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Public Service Loan Forgiveness 101


Interested in a public service career? Afraid you won’t be able to afford your student loan payments? Law graduates can afford to pursue lower-paying public interest positions in spite of student loan debt thanks to federal Public Service Loan Forgiveness and a variety of loan repayment assistance programs. If you are interested in such a career, focus on understanding your options and mind the details—they matter.

Law School Loan Repayment Assistance Programs
Law school-based loan repayment assistance programs exist at more than 100 law schools, providing financial aid to graduates who have educational debt and take low-paying jobs. A graduate of a law school with a loan repayment assistance program can apply for and receive funds from the program to help with his or her student loan repayment. But not every law school loan repayment assistance program provides substantial benefits, so examine the eligibility requirements and benefits offer carefully.

State-Based Loan Forgiveness Programs
Some 24 states offer loan repayment assistance programs designed to encourage attorneys to practice in a particular area. These programs typically require recipients to be practicing law in “qualifying employment” within the state and tend to focus on civil legal assistance and sometimes government employees.

Employer Loan Repayment Assistance Programs
A number of nonprofit and government employers provide Loan Repayment Assistance Programs designed with the goal to recruit and retain qualified staff. Ask prospective employers about the availability of such a program and the benefits it provides.

Loan Repayment Assistance for Employees of Federal Agencies
Federal agencies are authorized by statute to set up loan repayment assistance programs to recruit and retain highly qualified employees. For example, the Department of Justice and the Securities and Exchange Commission provide benefits to particularly qualified employees with student debt.

Public Service Loan Forgiveness Program
Federal Public Service Loan Forgiveness is by far the most generous of the available debt-relief programs. To qualify for loan forgiveness, a student loan borrower must make monthly loan payments for 10 years (120 payments) while working full-time in qualifying public service employment.

A borrower must make 120 qualifying payments to be eligible for Public Service Loan Forgiveness. You’ll need to:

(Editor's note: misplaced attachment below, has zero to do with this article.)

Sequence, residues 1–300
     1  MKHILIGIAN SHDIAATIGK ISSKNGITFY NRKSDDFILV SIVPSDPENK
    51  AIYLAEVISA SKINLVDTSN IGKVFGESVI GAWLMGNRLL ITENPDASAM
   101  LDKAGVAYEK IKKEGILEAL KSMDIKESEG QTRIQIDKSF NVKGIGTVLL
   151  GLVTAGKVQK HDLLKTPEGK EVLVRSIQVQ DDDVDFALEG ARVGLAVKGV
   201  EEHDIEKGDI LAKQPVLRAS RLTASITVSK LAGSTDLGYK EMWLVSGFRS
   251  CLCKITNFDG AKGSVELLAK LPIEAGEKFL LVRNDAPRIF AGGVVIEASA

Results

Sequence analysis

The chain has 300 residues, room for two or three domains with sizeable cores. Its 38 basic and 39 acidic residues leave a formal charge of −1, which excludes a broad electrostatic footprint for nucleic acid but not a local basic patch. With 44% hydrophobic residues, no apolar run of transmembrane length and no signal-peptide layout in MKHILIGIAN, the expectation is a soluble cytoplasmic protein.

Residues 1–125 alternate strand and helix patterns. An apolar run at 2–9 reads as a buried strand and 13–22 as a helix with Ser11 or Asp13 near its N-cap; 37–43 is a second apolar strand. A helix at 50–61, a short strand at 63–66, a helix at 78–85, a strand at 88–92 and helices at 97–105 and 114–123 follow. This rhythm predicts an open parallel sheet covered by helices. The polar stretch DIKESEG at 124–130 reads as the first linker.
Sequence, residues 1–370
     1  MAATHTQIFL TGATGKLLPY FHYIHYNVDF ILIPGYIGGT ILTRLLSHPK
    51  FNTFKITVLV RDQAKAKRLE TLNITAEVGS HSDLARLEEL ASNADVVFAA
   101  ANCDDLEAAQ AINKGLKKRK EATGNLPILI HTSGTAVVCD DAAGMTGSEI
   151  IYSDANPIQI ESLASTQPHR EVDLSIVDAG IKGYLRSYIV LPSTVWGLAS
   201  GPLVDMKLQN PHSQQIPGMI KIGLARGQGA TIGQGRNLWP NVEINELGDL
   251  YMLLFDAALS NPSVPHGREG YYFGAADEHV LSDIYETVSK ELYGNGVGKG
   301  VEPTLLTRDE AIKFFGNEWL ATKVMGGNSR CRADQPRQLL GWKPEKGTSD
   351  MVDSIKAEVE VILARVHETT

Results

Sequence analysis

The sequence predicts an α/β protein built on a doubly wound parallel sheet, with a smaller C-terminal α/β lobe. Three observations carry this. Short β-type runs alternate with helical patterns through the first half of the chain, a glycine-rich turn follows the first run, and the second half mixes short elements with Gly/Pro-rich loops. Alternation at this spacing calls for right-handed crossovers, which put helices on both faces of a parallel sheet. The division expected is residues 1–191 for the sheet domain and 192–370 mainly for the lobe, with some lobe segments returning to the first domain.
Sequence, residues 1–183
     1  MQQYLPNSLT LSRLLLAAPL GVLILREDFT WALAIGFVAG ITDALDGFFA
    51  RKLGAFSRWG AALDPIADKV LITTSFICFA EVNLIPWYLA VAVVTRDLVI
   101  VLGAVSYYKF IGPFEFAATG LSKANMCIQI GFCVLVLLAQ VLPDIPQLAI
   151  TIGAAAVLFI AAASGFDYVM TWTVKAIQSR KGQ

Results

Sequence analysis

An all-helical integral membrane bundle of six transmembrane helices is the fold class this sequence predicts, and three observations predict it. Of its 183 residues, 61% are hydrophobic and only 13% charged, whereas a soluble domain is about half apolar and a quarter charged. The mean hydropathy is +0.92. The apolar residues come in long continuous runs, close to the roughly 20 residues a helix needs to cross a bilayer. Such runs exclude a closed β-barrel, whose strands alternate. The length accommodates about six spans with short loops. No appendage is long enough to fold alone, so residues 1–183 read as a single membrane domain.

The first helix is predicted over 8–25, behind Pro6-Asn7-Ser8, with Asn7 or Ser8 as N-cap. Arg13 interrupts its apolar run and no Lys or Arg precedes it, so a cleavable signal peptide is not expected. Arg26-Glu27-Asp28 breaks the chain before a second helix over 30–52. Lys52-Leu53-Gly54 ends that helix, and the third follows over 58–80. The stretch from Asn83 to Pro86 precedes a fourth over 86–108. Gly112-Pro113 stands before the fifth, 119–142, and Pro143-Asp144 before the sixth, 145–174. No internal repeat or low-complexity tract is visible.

1. Make the right kind of payments,
2. on the right kind of loans,
3. while working in the right kind of job,
4. 120 times, and
5. prove it

The right kind of job. Qualifying public service employment under Public Service Loan Forgiveness is full-time paid work in the government, a 501(c)(3) nonprofit, and a few additional nonprofit positions. “Full-time” is an annual average of at least 30 hours per week, unless your employer requires a greater number of hours for full-time status. Borrowers can work more than one part-time position and still be in the “right kind” of job if your combined hours are at least 30 hours a week on an annual average.

Download the employment certification form from student Complete the employment verification process every year and submit the form annually and every time you leave an employer.

The right kind of loans. Only federal direct loans are eligible for Public Service Loan Forgiveness. If you started borrowing student loans (like Stafford loans and GradPLUS loans) before July 2010, you might have borrowed federal student loans from a bank or private lender through the FFEL program (Federal Family Education Loans). If so, you must consolidate FFEL loans into Federal Direct Loans for those loans to be eligible for Public Service Loan Forgiveness. Be careful deciding whether to consolidate Perkins loans, because they have their own cancellation provisions that would be lost upon consolidation.

Check out the National Student Loan Data System at to find a complete listing of all your federal student loans.

Unfortunately, private student loans are never eligible for Public Service Loan Forgiveness.

The right kind of payments. Qualifying monthly payments include only those made under an income-driven repayment plan (like Income-Based Repayment or Pay As You Earn) or a payment of at least the amount due under a standard 10-year repayment schedule. Qualifying payments do not need to be consecutive but be careful to get the payments in on time, because late payments don’t count toward forgiveness.

Understand that once you make your 120 qualifying payments, you’ll need to apply for forgiveness and demonstrate that you met the requirements of the program.

The details are tricky, there is lots of red tape, and getting the documentation right is important. Be sure you understand all the fine print! Get more information about Public Service Loan Forgiveness from the Department of Education.

Heather Jarvis (heather@askheatherjarvis…) is an attorney providing educational resources and training for student loan borrowers and is the founder of

Vol. 43 No. 6